You be the Judge: The Case of the Kid and the Cash

An unmarried, absent father dies at work. Does his company have to pay to support his child?

dollar sign
Noma Bar for Reader’s Digest

Jessica Douglas gave birth to a baby girl named Jamie on April 22, 1998. Soon after, the pair moved in with Douglas’s boyfriend, Scott Moore, whom Douglas had been dating for some time. Though they all lived together in Moore’s Michigan home on and off for several months, Moore wasn’t entirely certain that he was Jamie’s father. In fact, he filed a complaint to determine the child’s paternity. Results from the DNA test came back at the beginning of September and proved that Moore was indeed Jamie’s dad. By then, however, Douglas and little Jamie had moved out. Though Moore no longer supported them financially, he was still, according to Douglas, 
“a father to [Jamie].”

Less than a month after he received the paternity results, Moore was working a job at an apartment complex for his employer, Prestige 
Painting. A gust of wind caused him to lose control of an aluminum 
extension ladder he was carrying, and the ladder touched an overhead power line. Moore was electrocuted. He died shortly after.

On behalf of her daughter, Douglas filed a petition to receive death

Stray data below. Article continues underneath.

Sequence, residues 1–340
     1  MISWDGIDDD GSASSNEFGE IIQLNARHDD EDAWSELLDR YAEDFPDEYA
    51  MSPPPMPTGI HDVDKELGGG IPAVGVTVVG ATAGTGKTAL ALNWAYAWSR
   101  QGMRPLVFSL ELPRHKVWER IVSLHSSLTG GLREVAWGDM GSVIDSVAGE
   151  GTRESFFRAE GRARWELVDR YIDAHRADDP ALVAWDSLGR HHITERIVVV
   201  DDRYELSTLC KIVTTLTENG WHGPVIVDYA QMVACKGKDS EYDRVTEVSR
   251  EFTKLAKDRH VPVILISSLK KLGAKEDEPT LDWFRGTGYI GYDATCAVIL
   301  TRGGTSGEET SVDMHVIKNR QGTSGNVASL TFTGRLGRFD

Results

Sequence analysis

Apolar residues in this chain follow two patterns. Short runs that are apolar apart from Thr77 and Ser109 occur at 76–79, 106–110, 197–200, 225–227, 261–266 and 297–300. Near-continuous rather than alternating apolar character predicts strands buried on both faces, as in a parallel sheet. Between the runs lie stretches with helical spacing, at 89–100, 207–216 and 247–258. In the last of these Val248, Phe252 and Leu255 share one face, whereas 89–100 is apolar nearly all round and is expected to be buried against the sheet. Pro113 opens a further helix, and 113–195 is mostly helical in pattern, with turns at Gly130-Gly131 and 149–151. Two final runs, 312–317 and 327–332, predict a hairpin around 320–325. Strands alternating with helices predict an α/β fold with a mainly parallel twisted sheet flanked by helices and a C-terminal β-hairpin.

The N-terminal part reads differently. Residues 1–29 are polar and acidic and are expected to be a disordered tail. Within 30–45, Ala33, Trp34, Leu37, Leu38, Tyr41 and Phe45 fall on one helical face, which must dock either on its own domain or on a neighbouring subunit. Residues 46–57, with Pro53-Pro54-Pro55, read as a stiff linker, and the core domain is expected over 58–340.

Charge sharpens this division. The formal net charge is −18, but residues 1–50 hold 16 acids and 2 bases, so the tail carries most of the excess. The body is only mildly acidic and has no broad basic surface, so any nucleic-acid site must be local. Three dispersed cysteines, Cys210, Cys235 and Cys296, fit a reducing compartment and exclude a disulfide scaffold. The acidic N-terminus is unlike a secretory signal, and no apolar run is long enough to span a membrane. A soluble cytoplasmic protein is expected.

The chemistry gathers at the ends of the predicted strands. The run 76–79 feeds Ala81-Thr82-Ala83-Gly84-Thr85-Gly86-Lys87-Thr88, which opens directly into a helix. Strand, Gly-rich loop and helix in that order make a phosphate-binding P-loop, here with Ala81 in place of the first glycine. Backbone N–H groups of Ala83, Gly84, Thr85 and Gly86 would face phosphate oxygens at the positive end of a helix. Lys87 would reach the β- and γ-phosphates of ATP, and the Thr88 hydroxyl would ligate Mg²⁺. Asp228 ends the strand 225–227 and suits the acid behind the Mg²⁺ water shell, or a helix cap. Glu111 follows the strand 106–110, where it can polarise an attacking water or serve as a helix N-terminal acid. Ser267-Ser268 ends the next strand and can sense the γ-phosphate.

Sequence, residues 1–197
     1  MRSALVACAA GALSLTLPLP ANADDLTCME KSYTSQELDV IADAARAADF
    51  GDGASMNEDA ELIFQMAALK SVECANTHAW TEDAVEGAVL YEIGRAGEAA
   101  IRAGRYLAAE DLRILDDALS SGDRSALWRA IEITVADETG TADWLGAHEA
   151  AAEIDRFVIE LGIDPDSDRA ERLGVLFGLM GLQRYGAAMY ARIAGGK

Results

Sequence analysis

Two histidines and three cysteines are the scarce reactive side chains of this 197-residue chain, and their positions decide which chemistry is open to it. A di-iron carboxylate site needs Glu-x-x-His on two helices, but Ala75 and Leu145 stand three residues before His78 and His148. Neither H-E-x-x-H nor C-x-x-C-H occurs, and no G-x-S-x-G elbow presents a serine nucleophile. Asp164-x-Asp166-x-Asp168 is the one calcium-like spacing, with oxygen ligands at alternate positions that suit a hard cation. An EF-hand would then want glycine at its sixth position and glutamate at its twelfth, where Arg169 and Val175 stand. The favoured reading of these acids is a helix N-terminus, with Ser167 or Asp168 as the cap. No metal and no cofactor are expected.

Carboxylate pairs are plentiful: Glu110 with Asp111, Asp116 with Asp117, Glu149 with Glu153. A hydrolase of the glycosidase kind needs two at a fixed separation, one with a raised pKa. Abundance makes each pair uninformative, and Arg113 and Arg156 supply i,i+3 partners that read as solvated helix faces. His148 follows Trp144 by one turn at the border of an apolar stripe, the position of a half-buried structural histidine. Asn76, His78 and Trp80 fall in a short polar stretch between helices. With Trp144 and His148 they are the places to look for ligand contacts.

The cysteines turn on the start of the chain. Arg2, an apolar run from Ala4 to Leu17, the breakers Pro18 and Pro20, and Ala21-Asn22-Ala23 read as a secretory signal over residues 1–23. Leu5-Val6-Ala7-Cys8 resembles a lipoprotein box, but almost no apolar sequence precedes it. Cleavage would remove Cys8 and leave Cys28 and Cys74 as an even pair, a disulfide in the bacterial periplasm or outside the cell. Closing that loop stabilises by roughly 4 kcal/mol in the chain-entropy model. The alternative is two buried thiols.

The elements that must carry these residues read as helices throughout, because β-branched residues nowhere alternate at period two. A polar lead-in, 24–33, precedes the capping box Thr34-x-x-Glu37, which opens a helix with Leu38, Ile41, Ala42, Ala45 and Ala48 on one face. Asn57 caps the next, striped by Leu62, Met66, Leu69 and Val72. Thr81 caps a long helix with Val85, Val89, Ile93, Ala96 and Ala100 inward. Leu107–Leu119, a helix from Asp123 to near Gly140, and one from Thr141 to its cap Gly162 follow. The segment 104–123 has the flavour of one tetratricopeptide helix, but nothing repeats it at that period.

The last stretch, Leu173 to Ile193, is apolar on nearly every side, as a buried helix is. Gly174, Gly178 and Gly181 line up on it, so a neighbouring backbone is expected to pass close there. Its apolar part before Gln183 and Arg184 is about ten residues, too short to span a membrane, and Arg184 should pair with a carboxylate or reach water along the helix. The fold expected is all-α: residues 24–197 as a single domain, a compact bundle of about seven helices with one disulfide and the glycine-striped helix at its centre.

benefits from Prestige Painting. In September 2002, a Workers’ Compensation Board magistrate ruled that Jamie was eligible for 
benefits, since, according to the Workers’ Disability Compensation Act, a child under the age of 16—whether legitimate or illegitimate, whether living with the deceased employee or not—“shall be conclusively presumed to be wholly dependent for support.” The magistrate awarded Douglas 500 weeks of benefits at $252.33 a week.

“The order was clearly in the best interest of the child,” says Douglas’s attorney, Allen Wall.

But within days, Prestige Painting appealed to the Workers’ Compensation Appellate Commission (WCAC). Attorney Robert W. Macy called the magistrate’s decision a “legal error” and cited a different statute in the same Compensation Act, which stated that a child had to be “living with” the employee at the time of death to be considered an eligible dependent.

Should Prestige Painting be required to pay death benefits to Scott Moore’s daughter even though the child wasn’t living with him when he died on the job? You be the judge.

Next: The Verdict

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